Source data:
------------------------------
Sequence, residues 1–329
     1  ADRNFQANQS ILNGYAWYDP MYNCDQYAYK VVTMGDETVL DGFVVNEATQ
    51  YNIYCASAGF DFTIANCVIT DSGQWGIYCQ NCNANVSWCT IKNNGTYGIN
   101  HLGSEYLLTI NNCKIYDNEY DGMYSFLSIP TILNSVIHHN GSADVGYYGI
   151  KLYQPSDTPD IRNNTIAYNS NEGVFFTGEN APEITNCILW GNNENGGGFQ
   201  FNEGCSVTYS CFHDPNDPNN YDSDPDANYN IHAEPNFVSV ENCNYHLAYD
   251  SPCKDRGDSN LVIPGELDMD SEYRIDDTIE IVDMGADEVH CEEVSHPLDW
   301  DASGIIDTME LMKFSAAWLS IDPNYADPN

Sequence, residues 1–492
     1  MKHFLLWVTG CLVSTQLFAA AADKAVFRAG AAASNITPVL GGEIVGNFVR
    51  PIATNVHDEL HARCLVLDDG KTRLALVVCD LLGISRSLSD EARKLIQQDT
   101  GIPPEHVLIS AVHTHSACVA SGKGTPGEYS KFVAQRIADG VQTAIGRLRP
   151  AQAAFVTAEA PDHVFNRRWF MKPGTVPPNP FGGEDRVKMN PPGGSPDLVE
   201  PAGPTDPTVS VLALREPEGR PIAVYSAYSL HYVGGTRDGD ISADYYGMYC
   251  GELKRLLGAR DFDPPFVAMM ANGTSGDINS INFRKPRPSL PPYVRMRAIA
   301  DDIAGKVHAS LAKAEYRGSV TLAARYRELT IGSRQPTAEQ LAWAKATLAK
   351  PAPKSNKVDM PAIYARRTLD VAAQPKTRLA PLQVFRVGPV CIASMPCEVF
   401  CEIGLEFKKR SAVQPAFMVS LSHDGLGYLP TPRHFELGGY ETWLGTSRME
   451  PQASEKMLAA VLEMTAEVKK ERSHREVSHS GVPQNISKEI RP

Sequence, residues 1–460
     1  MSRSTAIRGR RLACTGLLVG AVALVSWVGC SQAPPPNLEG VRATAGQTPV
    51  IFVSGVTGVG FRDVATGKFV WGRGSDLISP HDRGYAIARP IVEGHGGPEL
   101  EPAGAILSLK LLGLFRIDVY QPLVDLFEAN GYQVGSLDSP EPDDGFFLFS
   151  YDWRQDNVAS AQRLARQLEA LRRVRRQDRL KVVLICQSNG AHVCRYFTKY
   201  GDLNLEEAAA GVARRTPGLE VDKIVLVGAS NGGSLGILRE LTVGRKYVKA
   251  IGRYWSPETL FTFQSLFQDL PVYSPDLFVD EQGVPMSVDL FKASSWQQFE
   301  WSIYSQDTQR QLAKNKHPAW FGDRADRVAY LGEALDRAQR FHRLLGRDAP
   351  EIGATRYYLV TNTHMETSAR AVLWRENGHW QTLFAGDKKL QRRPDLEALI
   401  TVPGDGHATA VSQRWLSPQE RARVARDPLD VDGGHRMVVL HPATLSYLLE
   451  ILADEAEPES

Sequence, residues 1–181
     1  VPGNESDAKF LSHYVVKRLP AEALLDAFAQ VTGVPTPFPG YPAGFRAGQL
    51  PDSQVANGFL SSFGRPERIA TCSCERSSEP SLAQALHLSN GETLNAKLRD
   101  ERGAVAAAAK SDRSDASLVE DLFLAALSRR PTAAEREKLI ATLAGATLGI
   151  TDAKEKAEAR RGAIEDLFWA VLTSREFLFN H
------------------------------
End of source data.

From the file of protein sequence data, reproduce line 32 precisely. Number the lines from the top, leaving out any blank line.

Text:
     1  VPGNESDAKF LSHYVVKRLP AEALLDAFAQ VTGVPTPFPG YPAGFRAGQL